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The history of the defensive armament – a shield over the centuries



A shield is a part of the soldier's defensive armament. It was invented as early as in the Bronze Age and it has been successfully used both by infantry and cavalry. At the beginning, it was created from such materials as wood, wicker, leather or metal. Later models were based on wood, enriched with material, leather or metal bruising.

Interestingly, such kind of protection, originated in the Bronze Age, is still in use. Anti-terrorist squads and the police still take advantage of the invention created thousands years ago. It is one of the reasons why everyone who is interested in history, should have some knowledge of shields. Apart from the theoretical information, the historical reenactment, organized by contemporary knight guilds and warrior teams, is an invaluable illustration of the “living history”.

Pic. 1. Painting depicting Hoplite with shield

Hoplon

A hoplon, also referred to as an aspis, is a round shield from the period between the seventh and third centuries BC. It was used for protection by the Greek soldiers, especially the heavy Spartan infantry, who were called hoplites, namely because of their shields.

It was produced from the oak wood, with leather applied to the inside part. To the outside part, leather (usually of a bull) was also added, as well as bronze, with particular attention to the edges. Moreover, the characteristic decorations were usually put on the outside, in the form of an individual figure mark (the most common theme was the head of Medusa), an ideogram or a specific initial of the particular polis (city-state), for example an owl in the case of Athens. The oldest initial discovered so far is "Λ" (Lacedaemon – Sparta), from 560 BC most probably.

In the Spartan army, hoplons (aspides) constituted the basis for the Greek phalanx, which was a special technique of fighting in a formation. The soldier was supposed to stand in a line, very close to the other hoplites, so that his shield overlapped the one held by his colleague on the left side, at the same time hiding under the edge of the shield carried by a warrior on the right side. As a result, the nearest soldiers were moving a bit back and to the left. The troops formed in this way moved in slightly slanted rows. Since the formation required the maximum tightening, only one type of weapon could be used, namely a spear. The squeeze was so tight, that it made it impossible to fight with a sword. By creating such a "wall" of shields, the warriors attacked their enemies with the blades of spears, which have measured up to 2-2.5 meters. The blows were inflicted obliquely downwards, aiming particularly at the torso, arms and face. The poet Tyrtaeus wrote songs praising the virtues of the Greek phalanx and he emphasized that the key aspect of it was to fight shoulder to shoulder with colleagues, without any individual daring exploits. At the time of the phalanx, such heroes as Achilles would not be appreciated, but just the opposite, they would be criticized for breaking the solid formation.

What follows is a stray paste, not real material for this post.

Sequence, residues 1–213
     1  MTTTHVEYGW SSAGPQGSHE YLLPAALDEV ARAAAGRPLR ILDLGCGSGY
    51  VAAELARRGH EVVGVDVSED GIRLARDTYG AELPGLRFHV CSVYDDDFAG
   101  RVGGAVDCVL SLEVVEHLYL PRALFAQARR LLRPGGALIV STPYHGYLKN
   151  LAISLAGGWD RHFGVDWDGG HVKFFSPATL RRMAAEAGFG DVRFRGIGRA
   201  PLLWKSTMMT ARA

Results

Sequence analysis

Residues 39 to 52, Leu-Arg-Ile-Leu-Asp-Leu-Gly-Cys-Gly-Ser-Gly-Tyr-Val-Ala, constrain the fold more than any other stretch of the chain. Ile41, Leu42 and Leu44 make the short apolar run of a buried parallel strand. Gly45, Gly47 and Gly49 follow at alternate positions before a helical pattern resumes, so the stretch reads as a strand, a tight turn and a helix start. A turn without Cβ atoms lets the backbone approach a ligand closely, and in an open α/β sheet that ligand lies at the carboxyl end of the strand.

The significance of a shield in Sparta can be illustrated by the words usually repeated by a mother who was saying goodbye to her son before a battle: “come back with the shield or on the shield”, namely as a winner or dead. What is more, the lack of a shield was even punished with death penalty, while returning without a spear or a helmet did not cause any outrage. Some poleis tried to follow the Spartans, while in the other armies it was a shield to be dropped at once in the case of a retreat. It was because of its weight, which made the escape much more difficult.

Pic. 2. A replica of a Roman cavalry shield.

Scutum

The word “scutum” literally meant “a shield” for the ancient Romans. At first, it had an oval shape and later it changed to rectangular. Its task was to repel the opponents' blows effectively and from the fifth century BC it became a part of the obligatory equipment of every soldier. It was used until approx. 150 AD, but then mostly just in the form of the decorative Praetorian shields. The oval shields were typical for the republic age, but then, the more robust and efficient rectangular scutum replaced it. It was introduced most probably by Marcus Furius Camillus during the First Samnite War. The previous rectangular shield, called clipeus, originated from Etruscans most probably.

The size of a shield allowed the legionnaire to cover the whole body with it. It had a slightly convex shape, causing the hostile blows to slip over the uneven surface. It was 120 cm high, 100 cm wide and 19 mm thick. The scutum consisted of two layers of boards, which were joined with a bullock glue. What is more, the outer side was covered with a layer of cloth and a piece of calf leather. In order to obtain a convex shape, three thin layers of wood (2 mm thick) were applied. The edges were equipped with a metal hoop, which accounted for additional protection against injuries and allowed to set the shield up on the ground.

In the middle of a scutum, an iron bulge called "bump" or "navel" (umbo) was placed. Its main function was to additionally strengthen the shield and absorb the blows at its weakest point. Moreover, an umbo protected a hand, placed directly behind it. Below it, at the inner side, there was a horizontal handle. The surface of the shield was usually decorated with various figures and shapes, for example the images of animals (such as eagles), a lightning symbol or laurel crowns.

The Viking shield

Unfortunately, not a single complete shield from that age did survive to the present day. The knowledge about their structure and appearance, which we now have, is only more or less far-reaching assumptions based on small adornments in the shape of a shield, the remains of the ferrule formed after the funeral pyre burn or the survived elements of the fitting boards, located in a small amount in Denmark.

Pic. 3 The unique replica of a Viking shield.